As finally passed, and in contrast to recent budget-cut years, the bill provides an increase of 2.7 percent in average per-pupil funding. Total program funding, the combination of state and local revenue that pays for basic school operations, would rise to $5.5 billion, an increase of about $210 million. Average per pupil funding would move up from the current $6,479 to $6,652. The bill also provides additional funding for the Colorado Preschool Program and for special education. (Get more details in this EdNews summary and this legislative staff note.)
There was behind-the-scenes lobbying by some members, school districts and interest groups to put even more money in SB 13-260, but the Joint Budget Committee, legislative leadership and the governor’s budget office resisted that.
At issue was the amount of money available from the State Education Fund, a dedicated account used for both basic school support and special programs.
The fund is projected to have between $830 million and $1 billion in it at the end of the current 2012-13 budget year and a balance of $615 million to $775 million at the end of 2013-14. (Legislative and executive branch economists have different estimates.)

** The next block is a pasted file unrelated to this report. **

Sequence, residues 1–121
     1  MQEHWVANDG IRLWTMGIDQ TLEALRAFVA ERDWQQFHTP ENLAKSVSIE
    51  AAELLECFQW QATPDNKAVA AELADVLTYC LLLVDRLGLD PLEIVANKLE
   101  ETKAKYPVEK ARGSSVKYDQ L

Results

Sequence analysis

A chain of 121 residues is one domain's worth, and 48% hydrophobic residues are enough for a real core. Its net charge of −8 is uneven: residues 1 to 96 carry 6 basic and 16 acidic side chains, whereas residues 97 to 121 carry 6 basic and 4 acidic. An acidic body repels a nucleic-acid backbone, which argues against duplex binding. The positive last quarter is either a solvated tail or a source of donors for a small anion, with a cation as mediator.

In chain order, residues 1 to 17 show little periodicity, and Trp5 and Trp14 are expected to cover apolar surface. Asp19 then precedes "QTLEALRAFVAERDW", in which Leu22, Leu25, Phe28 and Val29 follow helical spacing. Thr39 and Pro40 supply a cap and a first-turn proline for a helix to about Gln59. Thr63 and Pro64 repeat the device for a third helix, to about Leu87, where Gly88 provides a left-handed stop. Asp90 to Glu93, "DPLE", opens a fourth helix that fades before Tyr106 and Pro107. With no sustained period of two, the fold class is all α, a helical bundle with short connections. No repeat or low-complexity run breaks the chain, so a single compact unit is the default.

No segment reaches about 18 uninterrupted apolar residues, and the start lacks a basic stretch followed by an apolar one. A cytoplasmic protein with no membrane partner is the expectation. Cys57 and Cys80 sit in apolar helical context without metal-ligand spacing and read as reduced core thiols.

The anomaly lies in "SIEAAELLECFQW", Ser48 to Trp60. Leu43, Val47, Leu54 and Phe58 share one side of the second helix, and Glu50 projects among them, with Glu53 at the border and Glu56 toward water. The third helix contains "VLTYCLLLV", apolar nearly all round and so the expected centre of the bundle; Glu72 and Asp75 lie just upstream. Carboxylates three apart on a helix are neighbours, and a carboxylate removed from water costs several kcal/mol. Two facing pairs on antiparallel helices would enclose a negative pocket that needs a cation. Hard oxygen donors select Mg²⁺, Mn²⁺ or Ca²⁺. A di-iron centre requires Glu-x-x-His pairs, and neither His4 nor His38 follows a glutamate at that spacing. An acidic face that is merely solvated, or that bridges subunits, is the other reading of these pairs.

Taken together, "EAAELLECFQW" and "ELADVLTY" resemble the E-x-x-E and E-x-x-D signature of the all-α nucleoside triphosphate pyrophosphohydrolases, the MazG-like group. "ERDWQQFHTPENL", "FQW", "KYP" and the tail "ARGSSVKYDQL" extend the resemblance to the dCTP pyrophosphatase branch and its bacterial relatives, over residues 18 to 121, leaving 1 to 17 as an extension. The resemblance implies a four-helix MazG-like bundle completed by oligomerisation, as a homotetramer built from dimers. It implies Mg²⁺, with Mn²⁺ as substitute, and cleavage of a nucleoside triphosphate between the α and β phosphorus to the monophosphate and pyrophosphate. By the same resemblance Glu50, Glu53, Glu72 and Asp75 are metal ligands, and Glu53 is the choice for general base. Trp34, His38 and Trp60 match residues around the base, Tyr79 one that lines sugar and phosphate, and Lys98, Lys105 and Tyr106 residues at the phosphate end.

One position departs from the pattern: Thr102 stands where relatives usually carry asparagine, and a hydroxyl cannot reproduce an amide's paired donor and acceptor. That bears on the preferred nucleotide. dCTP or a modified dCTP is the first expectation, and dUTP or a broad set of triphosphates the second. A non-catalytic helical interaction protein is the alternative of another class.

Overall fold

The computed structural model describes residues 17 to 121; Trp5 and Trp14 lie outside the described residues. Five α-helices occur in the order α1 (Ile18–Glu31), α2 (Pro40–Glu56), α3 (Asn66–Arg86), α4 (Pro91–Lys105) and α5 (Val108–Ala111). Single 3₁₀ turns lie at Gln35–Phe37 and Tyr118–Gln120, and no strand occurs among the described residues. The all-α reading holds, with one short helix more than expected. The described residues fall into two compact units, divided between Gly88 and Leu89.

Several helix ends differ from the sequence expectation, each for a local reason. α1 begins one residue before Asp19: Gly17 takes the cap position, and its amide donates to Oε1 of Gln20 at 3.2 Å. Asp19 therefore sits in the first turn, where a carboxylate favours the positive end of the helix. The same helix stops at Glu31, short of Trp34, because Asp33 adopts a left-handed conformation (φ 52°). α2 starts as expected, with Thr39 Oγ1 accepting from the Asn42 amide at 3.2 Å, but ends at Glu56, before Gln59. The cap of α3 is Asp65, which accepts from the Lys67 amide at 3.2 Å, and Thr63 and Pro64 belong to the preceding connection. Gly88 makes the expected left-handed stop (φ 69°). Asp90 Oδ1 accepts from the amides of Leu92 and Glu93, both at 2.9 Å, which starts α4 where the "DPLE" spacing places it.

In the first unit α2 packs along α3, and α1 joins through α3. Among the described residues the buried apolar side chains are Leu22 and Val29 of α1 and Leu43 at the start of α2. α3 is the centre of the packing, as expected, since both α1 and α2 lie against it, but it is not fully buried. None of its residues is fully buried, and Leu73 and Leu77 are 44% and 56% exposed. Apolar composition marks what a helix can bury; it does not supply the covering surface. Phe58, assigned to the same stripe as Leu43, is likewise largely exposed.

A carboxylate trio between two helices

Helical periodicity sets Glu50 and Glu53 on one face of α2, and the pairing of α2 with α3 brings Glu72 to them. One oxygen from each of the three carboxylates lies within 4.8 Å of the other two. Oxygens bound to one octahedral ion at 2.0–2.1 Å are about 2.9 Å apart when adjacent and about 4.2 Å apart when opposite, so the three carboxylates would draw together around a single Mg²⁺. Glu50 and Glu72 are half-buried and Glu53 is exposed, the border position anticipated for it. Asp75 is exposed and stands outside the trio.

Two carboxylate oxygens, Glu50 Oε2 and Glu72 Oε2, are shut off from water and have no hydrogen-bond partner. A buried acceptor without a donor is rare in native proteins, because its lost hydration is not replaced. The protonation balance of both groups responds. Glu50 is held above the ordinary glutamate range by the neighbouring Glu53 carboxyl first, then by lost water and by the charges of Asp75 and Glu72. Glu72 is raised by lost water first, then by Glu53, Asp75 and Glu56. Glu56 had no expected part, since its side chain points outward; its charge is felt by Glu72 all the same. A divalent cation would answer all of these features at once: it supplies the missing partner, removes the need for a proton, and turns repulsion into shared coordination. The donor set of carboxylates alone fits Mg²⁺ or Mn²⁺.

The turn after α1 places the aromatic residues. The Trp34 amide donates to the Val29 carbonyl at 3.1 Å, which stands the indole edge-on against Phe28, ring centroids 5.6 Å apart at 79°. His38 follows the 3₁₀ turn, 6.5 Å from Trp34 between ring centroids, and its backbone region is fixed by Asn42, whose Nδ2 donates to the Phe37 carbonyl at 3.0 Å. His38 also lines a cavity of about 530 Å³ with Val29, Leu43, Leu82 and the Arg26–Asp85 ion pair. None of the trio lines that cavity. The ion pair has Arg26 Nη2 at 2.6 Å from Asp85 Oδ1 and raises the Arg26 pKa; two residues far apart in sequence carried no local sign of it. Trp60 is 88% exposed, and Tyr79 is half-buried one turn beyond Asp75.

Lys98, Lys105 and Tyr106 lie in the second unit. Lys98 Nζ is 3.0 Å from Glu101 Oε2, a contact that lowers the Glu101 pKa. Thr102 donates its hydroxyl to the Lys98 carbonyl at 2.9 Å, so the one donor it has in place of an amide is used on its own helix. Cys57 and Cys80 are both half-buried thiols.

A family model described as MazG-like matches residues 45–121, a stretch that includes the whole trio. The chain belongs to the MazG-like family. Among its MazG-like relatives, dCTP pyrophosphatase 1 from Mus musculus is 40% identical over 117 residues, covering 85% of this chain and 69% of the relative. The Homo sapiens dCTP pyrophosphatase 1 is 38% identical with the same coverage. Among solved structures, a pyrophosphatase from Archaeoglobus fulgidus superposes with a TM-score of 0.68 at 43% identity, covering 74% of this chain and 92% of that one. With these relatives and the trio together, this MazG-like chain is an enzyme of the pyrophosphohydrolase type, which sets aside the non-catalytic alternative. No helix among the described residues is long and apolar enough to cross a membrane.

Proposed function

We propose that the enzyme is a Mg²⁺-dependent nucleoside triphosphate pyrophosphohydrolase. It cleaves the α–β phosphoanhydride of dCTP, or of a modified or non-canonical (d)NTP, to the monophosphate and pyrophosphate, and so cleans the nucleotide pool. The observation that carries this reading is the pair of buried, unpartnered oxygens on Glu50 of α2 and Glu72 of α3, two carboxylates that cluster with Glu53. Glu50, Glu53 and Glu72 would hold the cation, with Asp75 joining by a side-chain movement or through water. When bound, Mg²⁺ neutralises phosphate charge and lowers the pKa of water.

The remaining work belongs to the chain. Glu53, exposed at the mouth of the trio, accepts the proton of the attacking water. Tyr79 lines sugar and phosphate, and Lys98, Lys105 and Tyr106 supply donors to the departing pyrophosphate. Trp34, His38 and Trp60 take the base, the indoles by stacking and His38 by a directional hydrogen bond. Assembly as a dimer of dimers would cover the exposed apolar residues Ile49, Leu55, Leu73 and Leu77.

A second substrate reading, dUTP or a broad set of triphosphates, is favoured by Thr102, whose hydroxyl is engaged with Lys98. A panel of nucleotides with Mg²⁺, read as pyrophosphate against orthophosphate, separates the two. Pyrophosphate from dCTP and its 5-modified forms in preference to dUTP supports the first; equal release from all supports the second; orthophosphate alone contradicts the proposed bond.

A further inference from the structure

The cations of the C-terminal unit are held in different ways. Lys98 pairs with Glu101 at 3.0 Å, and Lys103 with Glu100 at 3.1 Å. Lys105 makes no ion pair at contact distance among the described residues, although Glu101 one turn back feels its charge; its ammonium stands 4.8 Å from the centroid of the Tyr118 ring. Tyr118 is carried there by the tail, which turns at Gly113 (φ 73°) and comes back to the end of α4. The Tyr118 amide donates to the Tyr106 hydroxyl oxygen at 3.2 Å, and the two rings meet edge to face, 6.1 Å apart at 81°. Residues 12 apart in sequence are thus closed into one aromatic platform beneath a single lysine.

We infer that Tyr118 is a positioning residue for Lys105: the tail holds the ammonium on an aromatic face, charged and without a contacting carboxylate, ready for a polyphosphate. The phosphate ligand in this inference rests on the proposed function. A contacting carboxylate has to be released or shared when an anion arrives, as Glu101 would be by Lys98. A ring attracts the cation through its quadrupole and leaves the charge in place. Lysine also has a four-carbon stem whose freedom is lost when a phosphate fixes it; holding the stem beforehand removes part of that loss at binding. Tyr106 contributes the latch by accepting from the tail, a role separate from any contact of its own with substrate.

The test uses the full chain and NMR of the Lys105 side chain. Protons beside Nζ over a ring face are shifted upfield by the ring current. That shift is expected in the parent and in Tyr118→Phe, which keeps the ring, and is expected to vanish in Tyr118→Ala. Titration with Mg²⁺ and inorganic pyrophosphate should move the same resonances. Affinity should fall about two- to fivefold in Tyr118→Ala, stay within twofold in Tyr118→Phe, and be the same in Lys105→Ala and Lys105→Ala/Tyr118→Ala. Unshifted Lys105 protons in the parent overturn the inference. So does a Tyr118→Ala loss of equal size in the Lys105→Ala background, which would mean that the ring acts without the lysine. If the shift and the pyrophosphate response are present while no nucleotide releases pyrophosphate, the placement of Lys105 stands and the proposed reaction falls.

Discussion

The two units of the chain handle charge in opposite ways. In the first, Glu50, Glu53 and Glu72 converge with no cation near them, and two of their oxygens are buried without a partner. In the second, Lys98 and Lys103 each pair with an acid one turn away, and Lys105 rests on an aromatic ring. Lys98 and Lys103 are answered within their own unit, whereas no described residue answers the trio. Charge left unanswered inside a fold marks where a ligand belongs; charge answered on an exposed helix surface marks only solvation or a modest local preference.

With that much money lying around, some lawmakers and lobbyists thought more cash could be devoted to SB 13-260 spending. But JBC members and the state budget office want to conserve education fund resources for use in future years, and that view prevailed.
“We could have done things with existing dollars” rather than wait for a tax increase to fund SB 13-213, said Sen. Scott Renfroe of Greeley, the ranking Republican on Senate Education. “They’d made their minds up,” he said of Democratic leaders who didn’t want to spend more from the education fund.
Even Hudak, a prime sponsor of SB 13-260, said she’d hoped the bill could have done more to work down the $1 billion in K-12 budget cuts over the last four years. (This is what’s known around the Capitol as the “negative factor.”)
Hamner diplomatically noted, “I kind of felt the path had been established” by others on the details of SB 13-260.
The bill made a small $40 million bite in that deficit; Hudak said she would have preferred $90 million.
Both Hamner and Hudak said they felt inclusion of $20 million additional special education funding in the bill was a major accomplishment, given that it frees up funds districts can use for other programs.
Higher ed increases also sought
Rising state revenues also sparked some maneuvering over higher education funding.